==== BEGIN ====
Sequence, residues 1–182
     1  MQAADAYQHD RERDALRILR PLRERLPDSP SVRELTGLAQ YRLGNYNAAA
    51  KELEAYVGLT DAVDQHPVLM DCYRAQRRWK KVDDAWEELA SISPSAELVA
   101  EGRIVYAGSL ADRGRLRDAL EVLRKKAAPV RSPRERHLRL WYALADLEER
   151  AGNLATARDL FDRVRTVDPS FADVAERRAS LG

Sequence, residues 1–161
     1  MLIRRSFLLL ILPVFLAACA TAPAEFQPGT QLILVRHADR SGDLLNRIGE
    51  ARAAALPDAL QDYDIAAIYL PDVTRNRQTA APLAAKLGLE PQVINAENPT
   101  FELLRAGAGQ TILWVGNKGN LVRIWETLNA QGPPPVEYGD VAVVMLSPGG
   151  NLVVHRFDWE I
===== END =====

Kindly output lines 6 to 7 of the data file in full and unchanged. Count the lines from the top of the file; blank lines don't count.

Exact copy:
Sequence, residues 1–161
     1  MLIRRSFLLL ILPVFLAACA TAPAEFQPGT QLILVRHADR SGDLLNRIGE